Top Tepco officials vow to achieve turnaround under revised biz plan


Top officials of Tokyo Electric Power Co. again said Monday they plan to pursue a new business plan they hope will revive the utility from the man-made debacle it has confronted since 2011, when the Fukushima No. 1 nuclear plant experienced three reactor-core meltdowns.

In his New Year’s address to employees, Tepco Chairman Kazuhiko Shimokobe said the plan was on the way.

“This new business plan is expected to be endorsed by the government after the middle of this month. . . . With you all, I will do my utmost to achieve it,” he said.

He delivered the speech to around 200 employees at the Fukushima No. 2 plant, which is just to the south of crippled Fukushima No. 1. Footage was shown live at its Tokyo head office.

The plan, submitted in December, will replace an earlier one that needed to be revamped in part because Tepco has been unable to restart the reactors at its idled Kashiwazaki-Kariwa plant in Niigata Prefecture.

The plan was handed by Tepco and a state-backed bailout fund to Economy, Trade and Industry Minister Toshimitsu Motegi. Although its contents won’t be announced until Motegi approves it, the plan is certain to refer to expanded state support for the ailing utility.

Tepco President Naomi Hirose, who delivered a speech after Shimokobe, said the plan shows relatively clearly the utility’s future over the next 10 to 20 years, including how it will emerge from the current effective state control.

“We are at the stage of working out concrete action plans at the level of each workplace, organization and individual to steer Tepco, as a whole, in the direction (of realizing the plan),” Hirose said.

As a result of the Fukushima nuclear crisis, Tepco is saddled with trillions of yen in compensation payment obligations and costs to clean up radiation-contaminated land outside the Fukushima No. 1 plant.

The company is also facing heavy outlays for importing fossil fuel to boost thermal power generation to make up for the loss of nuclear power.

To bolster its financial standing, Tepco received a ¥1 trillion capital injection from the state-backed Nuclear Damage Liability Facilitation Fund in 2012, falling under effective state control.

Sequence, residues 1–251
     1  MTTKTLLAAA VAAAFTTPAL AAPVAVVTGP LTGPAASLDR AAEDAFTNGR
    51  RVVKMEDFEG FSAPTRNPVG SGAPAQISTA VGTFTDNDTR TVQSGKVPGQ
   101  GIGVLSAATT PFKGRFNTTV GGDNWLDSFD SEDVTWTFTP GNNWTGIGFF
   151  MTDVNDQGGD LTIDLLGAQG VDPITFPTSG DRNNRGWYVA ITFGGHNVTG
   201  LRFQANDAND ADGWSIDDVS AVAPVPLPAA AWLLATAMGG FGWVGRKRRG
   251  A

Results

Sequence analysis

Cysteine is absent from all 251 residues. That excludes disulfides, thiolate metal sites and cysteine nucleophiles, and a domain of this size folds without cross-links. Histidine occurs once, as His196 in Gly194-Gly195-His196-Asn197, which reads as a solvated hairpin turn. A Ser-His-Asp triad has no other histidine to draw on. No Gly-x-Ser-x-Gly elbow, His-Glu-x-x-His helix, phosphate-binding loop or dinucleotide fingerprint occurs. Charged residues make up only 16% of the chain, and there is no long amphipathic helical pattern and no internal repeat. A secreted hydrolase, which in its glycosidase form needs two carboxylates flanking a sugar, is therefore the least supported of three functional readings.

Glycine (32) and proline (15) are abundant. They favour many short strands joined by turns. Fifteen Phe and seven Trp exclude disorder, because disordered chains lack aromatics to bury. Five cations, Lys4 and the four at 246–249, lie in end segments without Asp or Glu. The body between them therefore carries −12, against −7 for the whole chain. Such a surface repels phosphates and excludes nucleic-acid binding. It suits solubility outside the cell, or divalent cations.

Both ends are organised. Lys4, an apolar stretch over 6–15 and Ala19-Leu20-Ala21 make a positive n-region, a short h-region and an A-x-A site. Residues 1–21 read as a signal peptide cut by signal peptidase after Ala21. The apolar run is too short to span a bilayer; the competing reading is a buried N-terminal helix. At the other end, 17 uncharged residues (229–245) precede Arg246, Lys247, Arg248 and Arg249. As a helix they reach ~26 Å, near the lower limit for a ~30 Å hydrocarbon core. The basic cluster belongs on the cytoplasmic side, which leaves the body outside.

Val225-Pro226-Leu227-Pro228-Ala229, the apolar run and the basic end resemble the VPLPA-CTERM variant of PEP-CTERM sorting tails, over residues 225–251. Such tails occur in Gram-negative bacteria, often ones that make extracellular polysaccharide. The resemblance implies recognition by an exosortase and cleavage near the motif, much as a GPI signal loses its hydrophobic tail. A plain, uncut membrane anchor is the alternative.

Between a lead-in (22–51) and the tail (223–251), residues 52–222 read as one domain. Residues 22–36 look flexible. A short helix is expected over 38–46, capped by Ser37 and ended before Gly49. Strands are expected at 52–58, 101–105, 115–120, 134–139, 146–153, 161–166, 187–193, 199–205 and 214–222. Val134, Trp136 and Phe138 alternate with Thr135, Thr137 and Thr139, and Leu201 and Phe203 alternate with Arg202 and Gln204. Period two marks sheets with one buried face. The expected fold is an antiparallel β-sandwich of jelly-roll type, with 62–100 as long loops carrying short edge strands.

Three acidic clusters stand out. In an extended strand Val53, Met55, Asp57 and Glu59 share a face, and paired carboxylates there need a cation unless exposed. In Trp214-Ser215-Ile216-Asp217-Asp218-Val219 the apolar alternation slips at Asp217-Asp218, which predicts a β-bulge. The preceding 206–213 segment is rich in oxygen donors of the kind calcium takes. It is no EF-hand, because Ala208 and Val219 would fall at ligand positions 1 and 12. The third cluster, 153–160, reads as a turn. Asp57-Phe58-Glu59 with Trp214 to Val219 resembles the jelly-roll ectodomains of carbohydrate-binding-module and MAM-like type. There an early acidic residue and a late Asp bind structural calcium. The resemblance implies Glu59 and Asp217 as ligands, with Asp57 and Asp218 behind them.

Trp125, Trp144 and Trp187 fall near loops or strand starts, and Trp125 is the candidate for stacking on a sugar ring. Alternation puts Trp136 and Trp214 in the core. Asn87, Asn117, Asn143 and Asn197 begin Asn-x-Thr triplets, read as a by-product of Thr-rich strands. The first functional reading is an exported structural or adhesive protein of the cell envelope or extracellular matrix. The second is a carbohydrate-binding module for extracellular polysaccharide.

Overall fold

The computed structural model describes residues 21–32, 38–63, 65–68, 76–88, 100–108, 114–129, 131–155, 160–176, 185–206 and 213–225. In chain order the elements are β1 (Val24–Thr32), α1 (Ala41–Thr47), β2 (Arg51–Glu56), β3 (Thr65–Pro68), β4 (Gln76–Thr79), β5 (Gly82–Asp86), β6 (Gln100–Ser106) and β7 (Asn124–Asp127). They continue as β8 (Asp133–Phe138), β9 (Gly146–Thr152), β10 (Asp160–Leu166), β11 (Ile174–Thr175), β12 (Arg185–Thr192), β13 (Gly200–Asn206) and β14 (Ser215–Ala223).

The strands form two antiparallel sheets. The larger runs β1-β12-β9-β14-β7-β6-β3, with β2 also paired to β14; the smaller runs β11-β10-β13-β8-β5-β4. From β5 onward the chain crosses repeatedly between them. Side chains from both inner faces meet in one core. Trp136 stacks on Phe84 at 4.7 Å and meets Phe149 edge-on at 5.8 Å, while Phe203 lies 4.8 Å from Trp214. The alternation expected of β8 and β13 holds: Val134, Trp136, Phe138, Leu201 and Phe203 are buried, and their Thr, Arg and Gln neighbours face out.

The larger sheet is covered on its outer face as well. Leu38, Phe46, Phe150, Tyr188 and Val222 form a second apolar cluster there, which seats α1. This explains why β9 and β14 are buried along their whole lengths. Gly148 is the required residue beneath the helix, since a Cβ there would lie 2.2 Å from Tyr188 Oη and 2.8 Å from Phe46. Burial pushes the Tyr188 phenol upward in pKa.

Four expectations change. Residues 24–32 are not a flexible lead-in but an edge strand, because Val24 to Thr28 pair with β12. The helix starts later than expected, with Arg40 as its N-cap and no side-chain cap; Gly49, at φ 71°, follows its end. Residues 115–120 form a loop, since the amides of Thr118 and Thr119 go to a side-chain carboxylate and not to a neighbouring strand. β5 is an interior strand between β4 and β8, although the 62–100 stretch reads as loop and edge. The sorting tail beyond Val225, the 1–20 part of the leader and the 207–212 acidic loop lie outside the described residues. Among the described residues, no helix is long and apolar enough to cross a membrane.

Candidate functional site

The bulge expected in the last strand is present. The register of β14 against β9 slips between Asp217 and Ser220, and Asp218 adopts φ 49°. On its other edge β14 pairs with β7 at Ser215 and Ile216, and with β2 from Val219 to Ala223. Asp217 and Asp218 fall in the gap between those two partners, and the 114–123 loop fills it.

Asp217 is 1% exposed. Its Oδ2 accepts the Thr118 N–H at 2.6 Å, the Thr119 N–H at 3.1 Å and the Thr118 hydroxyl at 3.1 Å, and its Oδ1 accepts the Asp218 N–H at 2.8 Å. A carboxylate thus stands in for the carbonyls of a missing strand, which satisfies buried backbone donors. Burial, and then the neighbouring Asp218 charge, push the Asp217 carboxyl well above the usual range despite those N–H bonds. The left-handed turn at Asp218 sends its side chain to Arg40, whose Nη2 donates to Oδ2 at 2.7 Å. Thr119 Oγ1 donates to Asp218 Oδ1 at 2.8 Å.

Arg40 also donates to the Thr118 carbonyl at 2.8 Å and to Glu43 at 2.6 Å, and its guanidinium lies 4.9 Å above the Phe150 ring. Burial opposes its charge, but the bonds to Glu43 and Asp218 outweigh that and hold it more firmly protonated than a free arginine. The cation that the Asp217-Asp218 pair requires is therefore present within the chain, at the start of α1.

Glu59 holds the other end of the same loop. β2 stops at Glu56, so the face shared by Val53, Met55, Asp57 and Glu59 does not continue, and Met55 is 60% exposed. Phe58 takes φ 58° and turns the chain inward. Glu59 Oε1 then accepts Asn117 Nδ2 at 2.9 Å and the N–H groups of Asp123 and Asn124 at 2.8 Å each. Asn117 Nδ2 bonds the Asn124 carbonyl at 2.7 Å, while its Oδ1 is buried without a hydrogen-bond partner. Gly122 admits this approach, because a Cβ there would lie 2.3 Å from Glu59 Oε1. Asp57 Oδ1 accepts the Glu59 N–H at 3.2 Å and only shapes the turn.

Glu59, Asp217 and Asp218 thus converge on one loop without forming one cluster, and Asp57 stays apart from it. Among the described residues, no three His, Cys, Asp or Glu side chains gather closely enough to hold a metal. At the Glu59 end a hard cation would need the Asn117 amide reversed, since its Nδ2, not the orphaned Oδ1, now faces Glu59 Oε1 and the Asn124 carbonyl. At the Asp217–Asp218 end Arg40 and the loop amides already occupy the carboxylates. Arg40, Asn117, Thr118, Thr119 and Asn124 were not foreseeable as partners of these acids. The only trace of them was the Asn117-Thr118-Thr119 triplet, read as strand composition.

Monju computer virus

A computer at the Monju experimental nuclear reactor complex in Fukui Prefecture was found to be infected with a virus, a source said Monday.

The server administrator noticed Jan. 2 that a single employee-use workstation at the prototype fast-breeder reactor sitting idle in the city of Tsuruga was not operating normally, the source said.

According to the source at the Japan Atomic Energy Agency, which is in charge of Monju, while data on the computer could have been breached outside the server, none of it is crucial to the reactor’s safety.

  • Jens Hvass

    TEPCO’s business plan is not simply about survival of the company. TEPCO only survives due to government support, and thus its future activity should be determined also from a non-company perspective.

    If anything, 10-20 years from now, TEPCO should be a leader in smart grid solutions and integrated sustainable energy system solutions. And maybe a branch of TEPCO developed into the leading nuclear decommissioning company.

    But TEPCO’s plans for establishing new coal plants should be stopped. They will misfit the future energy supply, and they will keep Japan away from living up to its climate targets and international climate obligations.

    In order to stay within the carbon budget established by IPCC’s latest AR5 report (WG I), we need to bring emmissions down below 1 ton CO2 pr person pr. year within a couple of decades. And this leaves absolutely no room for establishing new coal plants in a developed country like Japan.

    Right now Japan has a perceived lack of energy supply. But solar and wind are booming and with the right incentives and grid policies will continue so. The Japanese popolation is decreasing, the potential of energy saving & efficiency is huge, and probably within a year or two, at least a couple of the least unsafe reactors will be back online, so Japan is hastily heading towards an energy surplus.

    In Europe, a 2013 report estimated that by 2017, 30% of the present fossil power capacity will be shut down (link below), and except for Poland, most likely, there will be no more new coal plants. As former head of NASA, James E. Hansen stated back in 2009: “Coal is best left in the ground.”